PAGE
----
Nearly a fourth of the workforce has at least one tattoo. They are a part of our culture, now more than ever. The need to express oneself or stand out through body art is particularly prominent in generations X and Y, as 32-38 percent of young to middle-aged adults report getting inked.
However, there’s a gap between the appreciation of body art and the willingness to show it. More than 70 percent of those with a tattoo do not have it visible for their jobs.
Why? The biggest reason most of us get tattoo is to have that personal brand. On our paths of self-expression and self-identity, tattoos can reinforce our interests and values. Tattoos can also just be pieces of permanent art that we have chosen to “collect” on our bodies. To those who crave ink, a sleeve of tattoos can tell a story. The huge anchor on your left arm doesn’t look scary or inappropriate next to the five-inch skull on your shoulder; it’s art. That being said, the culture of business does not always make way for self-expression. The majority of entry-level positions in the job market interact with the public, and with that, issues arise.
To anyone who is not a tattoo enthusiast, the above tattoos are just that — tattoos. A customer doesn’t care about what our tattoos mean, nor will they be keen on knowing about our personal attachment to them. This means that a tattoo’s content becomes extraneous at best and offensive at worst. Moreover, your tattoo’s presence becomes the signature by which you are known. What was once indicative of a personal journey or artistic impression has since labeled you as “guy with skull and anchor on his left arm.”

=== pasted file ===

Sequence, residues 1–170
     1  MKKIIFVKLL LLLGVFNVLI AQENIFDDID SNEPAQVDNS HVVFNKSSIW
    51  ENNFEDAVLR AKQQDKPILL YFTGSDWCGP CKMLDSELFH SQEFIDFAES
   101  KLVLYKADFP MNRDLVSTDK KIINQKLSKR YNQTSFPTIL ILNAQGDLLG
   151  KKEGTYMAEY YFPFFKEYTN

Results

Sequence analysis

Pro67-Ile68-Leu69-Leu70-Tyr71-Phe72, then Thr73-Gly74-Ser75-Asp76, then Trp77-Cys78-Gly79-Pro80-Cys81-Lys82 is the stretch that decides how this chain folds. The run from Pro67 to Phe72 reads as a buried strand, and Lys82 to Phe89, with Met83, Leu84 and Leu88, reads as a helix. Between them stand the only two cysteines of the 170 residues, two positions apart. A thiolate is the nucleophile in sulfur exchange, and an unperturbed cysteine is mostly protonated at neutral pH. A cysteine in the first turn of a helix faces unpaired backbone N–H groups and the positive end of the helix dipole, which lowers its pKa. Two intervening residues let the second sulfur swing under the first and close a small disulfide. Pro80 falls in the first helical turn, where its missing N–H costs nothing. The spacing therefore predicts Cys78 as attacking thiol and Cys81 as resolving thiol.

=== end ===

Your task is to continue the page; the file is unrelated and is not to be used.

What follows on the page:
Can “guy with skull and anchor on his left arm” translate into “hirable?” It’s not impossible. If the employer is hiring for a position in which body modification is considered a personal characteristic, then it may be fine. If not, the effect of your body modifications is going to be at odds with your chances of being hired.
But is this fair? Shouldn’t an employer care more about an employee’s skills rather than his appearance? Probably, but while one’s body art is representative of personality, an employee is representative of his employer’s principles and values. To most customers, employees are the face of the company. Indeed, in a challenging job world, there is pressure to cover up or even remove body modifications in order to get hired.
In a world where consumers are requesting more ideology from the company’s making of everyday products — think the use of genetically modified organisms or the Chik-fil-A fiasco — body modifications display their own set of values.
Perhaps these negative connotations are slowly changing. After all, the youngest generation has all but fully accepted tattoos. In a survey among U.S. college students, researchers tried to find what the young adult consensus was on the attractiveness of people with tattoos, particularly with young business people. The results showed that very little negativity was expressed about body art and even showed a small number of positive reviews on attractiveness.
With body modification, there is a difference between self-expression and self-categorization. Nonetheless, the future of body modification in the workplace is going to come down to a dynamic consumer culture.